“Playing in India would have been the first choice because there is nothing like playing in front of your home fans and giving them sport and having the whole vibe around the IPL which is really nice. But I feel that none of us can be choosers at the moment because the fact that we are getting to play IPL is good enough. And also when I played in 2014 in UAE it was quite enjoyable honestly because they had hosted it really well. 

“But this time around it might be different as this time there won’t be crowds and it might have to be in this bio-secure bubble, but more than anything me and the cricketers are looking forward to playing cricket and that too the cricket of the standard of IPL. Yeah playing last time in the UAE was personally good to me. I really enjoyed the wickets and the conditions there,” the pacer added.


Breaking down the similarities between Indian and Emirates conditions, the Jharkhand pacer, who had a stellar comeback to the IPL in the Royals’ colours last year, stated that there is hardly any difference between the two countries.

“For example, if Jaipur is our home ground, it will be like going to Bombay or Kolkata for playing a game because it’s just different names of places but more or less the conditions are not that different that to India. Of course, if we were playing the IPL in England or New Zealand then it would have been a different scenario altogether because it’s not within the realms of how the conditions are in India. But in Dubai, Abu Dhabi and Sharjah, the wickets are more or less Indian as wickets.”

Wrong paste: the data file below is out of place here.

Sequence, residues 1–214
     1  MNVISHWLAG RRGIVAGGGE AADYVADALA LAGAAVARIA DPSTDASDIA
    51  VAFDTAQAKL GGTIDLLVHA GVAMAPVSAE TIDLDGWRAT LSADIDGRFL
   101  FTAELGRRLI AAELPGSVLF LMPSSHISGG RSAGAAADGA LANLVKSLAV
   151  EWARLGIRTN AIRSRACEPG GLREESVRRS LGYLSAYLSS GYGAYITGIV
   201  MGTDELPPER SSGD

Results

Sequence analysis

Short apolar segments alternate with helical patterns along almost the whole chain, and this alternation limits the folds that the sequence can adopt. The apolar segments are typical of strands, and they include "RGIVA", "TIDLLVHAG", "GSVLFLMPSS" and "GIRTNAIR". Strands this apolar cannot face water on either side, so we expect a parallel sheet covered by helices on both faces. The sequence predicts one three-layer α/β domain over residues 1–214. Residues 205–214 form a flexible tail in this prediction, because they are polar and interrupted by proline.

One of the key issues that franchises face currently is the absence of net bowlers in the UAE and the strict protocol means they wouldn’t be having any more players apart from set accredited. Does that put more pressure on regular bowlers that they will have to bowl more than usual? ‘No’, Varun feels.

“I don’t think so because I think once we are part of teams we just need to bowl how much we need to bowl and we don’t bowl as much as the batsmen need us to bowl, we bowl as much as we need to bowl. I am sure every team will figure out how to get their batsmen in touch and get guys who can give them throwdowns and stuff like that. I don’t see that as a challenge as at the end of the day we will have to bowl as much as we need to bowl as professionals and it will not be dictated by how much the batsmen need to bat,” asserted Aaron, who last played his international match in 2015.

One of the most determined and chilled-out cricketers one could ever come across, Varun Aaron has never sacrificed any substance to stay relevant in Indian cricket. His growth happened organically - from playing for Jharkhand to India to RR - and his love for the game has seen no bounds. The same is on the show now once again, after a six-month-long break, as the pacer is ready to commit for a two-month fun and frolic with the pink army.

“We are all pretty excited. We are gonna see that the way we used to play back in school after the summer break because we just miss it so bad. All of us are pretty starved of cricket, obviously except the players from the England and the West Indies teams because they are getting some Test matches. But other than them, I think all of us are really hungry and raring to go,” Varun concluded.